I am not going to say anymore except if you pick up this book, stay with it and enjoy the ride, I’m off to see what other books by this author are going on my Christmas list!

Blood Wedding was published on 7 July 2016 by Quercus who kindly gave me a copy. This review is my unbiased thanks to them. I can’t leave this review without stating what a fantastic job the translator, Frank Wynne, did. Although the book ‘felt’ French, the translation to English was flawless with none of the stiltedness that can occur during translation.

First Published UK: 7 July 2016
Publisher: Quercus
No of Pages: 320
Genre: Psychological Thriller
Amazon UK
Amazon US

Author:

A book lover who clearly has issues as obsessed with crime despite leading a respectable life

31 thoughts on “Blood Wedding – Pierre Lemaitre

  1. I did not know whether or not I should add this author to my reading list but from your review, I guess the answer is yes! Plus it should make a great Frenchie gift for fellow book lovers who don’t speak Molière’s language 🙂

  2. I liked this one especially because of the ending part. The beginning was a bit confusing and I didn’t connect…but after that it was amazing!

  3. Sounds like a really good book once you get past the beginning. I’m definitely curious now! As for the violent scenes, I find they make more of an appearance in books by male authors…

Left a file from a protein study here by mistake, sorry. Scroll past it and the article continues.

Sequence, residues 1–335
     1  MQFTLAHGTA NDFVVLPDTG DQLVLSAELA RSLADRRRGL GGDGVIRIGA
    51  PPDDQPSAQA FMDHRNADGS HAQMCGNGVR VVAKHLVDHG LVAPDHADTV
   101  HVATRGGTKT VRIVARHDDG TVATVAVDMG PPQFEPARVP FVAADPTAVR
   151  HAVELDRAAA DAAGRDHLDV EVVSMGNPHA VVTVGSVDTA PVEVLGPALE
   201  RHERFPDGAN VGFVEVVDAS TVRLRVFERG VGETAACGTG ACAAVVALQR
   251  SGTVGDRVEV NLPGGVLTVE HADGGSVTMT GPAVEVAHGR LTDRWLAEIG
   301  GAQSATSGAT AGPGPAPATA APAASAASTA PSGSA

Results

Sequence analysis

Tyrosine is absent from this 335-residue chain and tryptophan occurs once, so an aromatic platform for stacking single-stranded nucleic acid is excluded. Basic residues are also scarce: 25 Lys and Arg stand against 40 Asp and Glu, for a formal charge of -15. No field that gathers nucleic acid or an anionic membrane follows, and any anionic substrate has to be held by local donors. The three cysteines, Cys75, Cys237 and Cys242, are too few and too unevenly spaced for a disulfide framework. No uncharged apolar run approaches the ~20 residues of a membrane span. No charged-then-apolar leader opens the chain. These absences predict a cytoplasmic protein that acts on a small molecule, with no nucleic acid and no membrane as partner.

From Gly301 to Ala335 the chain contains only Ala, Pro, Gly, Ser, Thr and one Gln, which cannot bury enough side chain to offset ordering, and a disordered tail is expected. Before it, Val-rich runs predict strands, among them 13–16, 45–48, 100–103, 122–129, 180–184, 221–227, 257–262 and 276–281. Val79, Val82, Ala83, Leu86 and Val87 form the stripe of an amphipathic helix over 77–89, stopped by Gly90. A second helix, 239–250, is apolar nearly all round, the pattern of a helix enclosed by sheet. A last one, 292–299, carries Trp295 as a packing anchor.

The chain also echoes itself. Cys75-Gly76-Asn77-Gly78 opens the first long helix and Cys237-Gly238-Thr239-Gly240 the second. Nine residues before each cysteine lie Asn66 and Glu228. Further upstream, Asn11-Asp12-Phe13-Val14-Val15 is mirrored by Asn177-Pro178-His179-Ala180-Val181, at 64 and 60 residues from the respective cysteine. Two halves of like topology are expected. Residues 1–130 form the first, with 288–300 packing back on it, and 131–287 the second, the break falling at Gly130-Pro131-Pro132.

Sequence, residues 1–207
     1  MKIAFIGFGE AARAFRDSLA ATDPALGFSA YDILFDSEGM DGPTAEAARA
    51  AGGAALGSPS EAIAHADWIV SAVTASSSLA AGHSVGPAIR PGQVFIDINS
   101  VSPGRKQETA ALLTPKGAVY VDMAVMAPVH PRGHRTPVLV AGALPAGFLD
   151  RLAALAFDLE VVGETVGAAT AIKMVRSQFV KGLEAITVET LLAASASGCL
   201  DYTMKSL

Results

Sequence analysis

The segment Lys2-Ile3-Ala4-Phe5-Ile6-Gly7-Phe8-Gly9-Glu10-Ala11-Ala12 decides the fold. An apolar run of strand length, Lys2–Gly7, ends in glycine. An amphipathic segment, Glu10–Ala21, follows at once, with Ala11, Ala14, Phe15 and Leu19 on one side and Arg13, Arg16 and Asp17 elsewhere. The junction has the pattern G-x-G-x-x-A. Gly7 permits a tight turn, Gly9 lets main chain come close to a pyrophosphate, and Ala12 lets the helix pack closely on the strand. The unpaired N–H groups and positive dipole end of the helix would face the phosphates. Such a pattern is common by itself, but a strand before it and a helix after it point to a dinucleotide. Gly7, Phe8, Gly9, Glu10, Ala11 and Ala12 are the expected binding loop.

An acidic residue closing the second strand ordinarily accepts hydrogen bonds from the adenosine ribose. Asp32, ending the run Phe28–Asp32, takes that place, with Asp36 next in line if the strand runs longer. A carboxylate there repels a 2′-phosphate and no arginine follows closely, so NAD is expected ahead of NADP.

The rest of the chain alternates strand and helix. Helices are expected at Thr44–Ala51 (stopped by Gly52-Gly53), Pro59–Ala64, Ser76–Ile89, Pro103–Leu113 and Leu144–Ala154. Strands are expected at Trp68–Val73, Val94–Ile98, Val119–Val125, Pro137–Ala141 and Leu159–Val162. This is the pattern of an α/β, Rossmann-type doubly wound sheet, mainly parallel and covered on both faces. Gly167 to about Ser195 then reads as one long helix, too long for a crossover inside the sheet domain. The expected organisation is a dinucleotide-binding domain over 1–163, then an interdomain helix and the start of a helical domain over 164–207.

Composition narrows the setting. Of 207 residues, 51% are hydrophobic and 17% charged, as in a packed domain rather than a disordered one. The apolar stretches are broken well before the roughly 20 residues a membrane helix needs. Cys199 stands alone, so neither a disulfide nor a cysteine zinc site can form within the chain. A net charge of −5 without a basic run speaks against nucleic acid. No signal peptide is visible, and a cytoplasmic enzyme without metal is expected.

4. I’m not usually one for a whole lot of brutal violence, Cleo. But the whole idea of taking on a new identity raises all sorts of interesting questions, even if it does stretch credibility. I’m very glad you found that this thriller kept you reading and kept your interest.

    1. This was one of those books that I really changed my opinion about – once I read the final two parts the first part was proportionate in its illustration, I just didn’t ‘get’ it until later. A latecomer to my favourite books of the year.

  5. I’ve only read one title by this author (“Alex”), and I really enjoyed it. Your review has reaffirmed that I must read more by him.

  6. Excellent review! I’m on the fence about this book as I have it from the library but I did’t realize it was a psychological thriller. I’m struggling with not really enjoying psych thrillers right now

    1. This isn’t a psychological thriller in the newly accepted term, it is crime fiction that has its roots in the psyche – as much as I enjoy a good modern psychological thriller this is something which really got under my skin.

  7. I wasn’t sure for the first half of your review how this was getting five stars but, like you with the book, by the end I was of a different opinion. I now have to read it.

  8. His earlier book Alex was one where a particular scene was so frightening I almost couldnt read any more. But he doesn’t do this just for the sake of it, the violence is there for a purpose. sounds like he has delivered another equally solid book.